Tribes of The Gambia: Serer

Popularly known as Serere in The Gambia occupies a greater part of Sine and Saloum. Serers are also seen in large numbers in Baol, Kayor, and Jollof. They are subdivided into Serer-Sine, Serer-N’doute, Serer-Nones, Serer Njenghen or Safen because of the difference in dialect of the Serer language. Serer-Sine occupies the area of Sine and Saloum and some parts of Niumi and Baddibu in The Gambia; Serer-N’doute and Serer-Njenghen or Safen are located in areas of Senegal and Baol, respectively.
Narrations say that Serer migrated from Kaabu in the Upper Cassamance because of the civil war four hundred years ago. War for the throne broke between the late king’s brother and son. They moved northward, passing Foni and across the River Gambia to Baddibu and first settled in Mbissel, which later became Sine. They settled in forest areas because the environment was fa-vourable to their culture. They made Lamans (chiefs) their rulers. Some Serer moved further to settle in Jollof and Northern Gambia, where they established towns and villages.
Later on, a group of Mandinka’s intermingled with Serer and eventually controlled them, but then assimilated Serrer culture and language. This ruling class was called gelwar in the state of Sine ad Saloum. They were Nyanchos (a ruling class of Kaabu). The first ruler in Sine was called Mansa Wali Jon. His grand-nephew, M’began N’dure, ruled the other Serer state. After he was defeated, some other successors took over the throne. The Serer state was expanded through intermarriage between kings, queens, princes, princesses of different states.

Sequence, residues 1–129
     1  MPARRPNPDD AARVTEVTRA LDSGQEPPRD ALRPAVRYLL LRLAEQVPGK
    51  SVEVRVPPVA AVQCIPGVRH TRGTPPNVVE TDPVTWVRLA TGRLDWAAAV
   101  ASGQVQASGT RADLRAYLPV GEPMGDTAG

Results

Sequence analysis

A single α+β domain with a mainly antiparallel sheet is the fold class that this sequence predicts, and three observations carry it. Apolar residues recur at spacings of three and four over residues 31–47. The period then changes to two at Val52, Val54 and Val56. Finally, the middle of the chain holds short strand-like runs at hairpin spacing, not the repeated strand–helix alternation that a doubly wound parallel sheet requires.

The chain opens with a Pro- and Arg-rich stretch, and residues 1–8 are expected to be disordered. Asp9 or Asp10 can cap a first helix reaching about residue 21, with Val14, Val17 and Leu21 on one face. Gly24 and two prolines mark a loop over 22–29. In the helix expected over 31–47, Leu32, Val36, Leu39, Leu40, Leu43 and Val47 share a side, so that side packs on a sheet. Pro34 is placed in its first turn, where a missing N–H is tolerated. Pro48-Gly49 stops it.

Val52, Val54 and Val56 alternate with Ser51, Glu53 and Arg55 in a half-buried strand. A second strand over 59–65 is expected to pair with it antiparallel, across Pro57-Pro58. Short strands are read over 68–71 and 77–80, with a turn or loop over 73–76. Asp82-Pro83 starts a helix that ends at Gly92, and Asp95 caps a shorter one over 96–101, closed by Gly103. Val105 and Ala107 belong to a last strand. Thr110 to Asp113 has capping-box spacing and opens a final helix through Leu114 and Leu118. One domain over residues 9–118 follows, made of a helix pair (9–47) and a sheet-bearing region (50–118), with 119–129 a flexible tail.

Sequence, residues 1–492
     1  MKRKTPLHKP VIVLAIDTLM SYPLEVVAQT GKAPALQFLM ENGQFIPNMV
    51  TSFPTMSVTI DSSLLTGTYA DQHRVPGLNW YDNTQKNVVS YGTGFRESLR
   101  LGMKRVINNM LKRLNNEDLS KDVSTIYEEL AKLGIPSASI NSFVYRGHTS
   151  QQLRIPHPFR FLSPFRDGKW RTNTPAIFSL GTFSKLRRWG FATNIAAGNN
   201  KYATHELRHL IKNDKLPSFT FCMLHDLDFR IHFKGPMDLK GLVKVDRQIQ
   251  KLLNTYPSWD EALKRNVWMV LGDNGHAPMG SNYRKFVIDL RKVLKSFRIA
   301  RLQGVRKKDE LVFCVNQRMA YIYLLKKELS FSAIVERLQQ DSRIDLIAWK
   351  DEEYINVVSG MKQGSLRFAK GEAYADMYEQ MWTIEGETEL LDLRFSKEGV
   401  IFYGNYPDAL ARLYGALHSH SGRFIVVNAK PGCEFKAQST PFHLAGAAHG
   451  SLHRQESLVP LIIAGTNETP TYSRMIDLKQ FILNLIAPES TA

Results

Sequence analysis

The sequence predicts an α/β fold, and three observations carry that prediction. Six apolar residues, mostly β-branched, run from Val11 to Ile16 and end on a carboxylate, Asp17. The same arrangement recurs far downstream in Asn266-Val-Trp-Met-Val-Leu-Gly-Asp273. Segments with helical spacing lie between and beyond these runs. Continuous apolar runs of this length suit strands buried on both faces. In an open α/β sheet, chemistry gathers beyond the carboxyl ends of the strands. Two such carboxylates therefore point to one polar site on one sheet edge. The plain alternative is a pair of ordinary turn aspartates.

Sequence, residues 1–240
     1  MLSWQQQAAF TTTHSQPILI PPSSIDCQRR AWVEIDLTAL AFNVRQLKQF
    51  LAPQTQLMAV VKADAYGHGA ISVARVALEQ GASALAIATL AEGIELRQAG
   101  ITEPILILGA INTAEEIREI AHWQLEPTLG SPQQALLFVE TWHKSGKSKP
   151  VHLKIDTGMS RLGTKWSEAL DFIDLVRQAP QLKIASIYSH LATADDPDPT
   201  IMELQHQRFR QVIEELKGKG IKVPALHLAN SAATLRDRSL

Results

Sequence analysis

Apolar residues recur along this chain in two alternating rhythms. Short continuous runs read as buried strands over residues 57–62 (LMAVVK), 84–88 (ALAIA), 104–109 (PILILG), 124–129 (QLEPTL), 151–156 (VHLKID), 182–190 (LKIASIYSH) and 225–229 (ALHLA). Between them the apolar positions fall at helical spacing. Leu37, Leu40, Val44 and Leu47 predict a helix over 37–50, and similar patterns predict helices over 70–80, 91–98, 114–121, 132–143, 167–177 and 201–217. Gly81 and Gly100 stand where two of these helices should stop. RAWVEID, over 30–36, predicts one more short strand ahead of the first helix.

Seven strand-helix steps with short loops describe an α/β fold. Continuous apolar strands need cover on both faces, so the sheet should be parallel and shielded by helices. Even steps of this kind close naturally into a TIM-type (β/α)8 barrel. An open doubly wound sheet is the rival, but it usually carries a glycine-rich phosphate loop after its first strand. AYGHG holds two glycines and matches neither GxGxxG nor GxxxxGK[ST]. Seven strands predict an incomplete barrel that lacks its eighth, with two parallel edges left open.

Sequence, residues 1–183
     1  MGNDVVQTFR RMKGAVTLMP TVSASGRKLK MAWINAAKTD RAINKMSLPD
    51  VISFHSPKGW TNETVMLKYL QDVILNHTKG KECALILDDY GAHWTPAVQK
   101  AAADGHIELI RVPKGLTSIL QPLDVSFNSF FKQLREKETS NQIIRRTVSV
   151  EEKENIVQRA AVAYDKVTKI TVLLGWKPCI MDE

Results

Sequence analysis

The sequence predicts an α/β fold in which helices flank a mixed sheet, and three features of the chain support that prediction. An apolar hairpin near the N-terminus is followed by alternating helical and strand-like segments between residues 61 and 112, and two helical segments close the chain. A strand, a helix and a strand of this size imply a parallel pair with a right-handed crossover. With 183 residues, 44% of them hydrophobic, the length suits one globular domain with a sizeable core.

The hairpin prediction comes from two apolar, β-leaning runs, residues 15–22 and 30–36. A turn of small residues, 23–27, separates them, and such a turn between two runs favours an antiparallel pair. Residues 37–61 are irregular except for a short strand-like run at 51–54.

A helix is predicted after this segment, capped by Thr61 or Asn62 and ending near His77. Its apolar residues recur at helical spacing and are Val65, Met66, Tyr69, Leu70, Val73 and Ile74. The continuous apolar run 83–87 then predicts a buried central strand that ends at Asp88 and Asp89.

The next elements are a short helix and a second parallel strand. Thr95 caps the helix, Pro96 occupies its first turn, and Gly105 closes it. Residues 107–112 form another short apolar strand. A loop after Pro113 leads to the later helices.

However, just like any other kingdom, Serer states began to experience political instability due to scramble over the throne by successors. This brought civil strife and war, which led many Serers to migrate to more peaceful areas. Also, the war in the neighbouring areas, especially the Sonike marabout war, led to the migration of Serer in greater numbers to areas like Barra, Essau and Sabach. They sought the British protection from the wars.
In Barra, their women are involved in farming and cooking. The famous Serrer Cherreh was and still is one of the favourite foods. The men were well-known boat carvers, making carved boats from the trunk of the mahogany or silk-cotton trees. These boats were used for transportation and fishing in the river and ocean.
The Balanta have initiation rites at various states of the individual’s life. From childhood to adulthood, each phase of life is regulated by an initiation that marks the entrance into a new social category. From early childhood up to age 15, the child belongs to the class of Nwatch. Around age 18 to 20, the individual enters the Fuur, at 25 the Nghaye. According to the rites of Kgness, when a man is around 30 years old, he should take a woman.
After the young Balanta man has become a landowner and taken on family responsibilities, he can then be chosen by his maternal uncle to participate in the Fanado initiation. Once chosen for the Fanado, a Balanta man cannot refuse the family’s wishes. The Fanado initiation ceremony takes place once every four years. A two-month process in the “sacred woods” is the ultimate stage of initiation rites and social hierarchy. Initiation during the Fanado ritual opens the doors of maturity and wisdom in the Balanta community.
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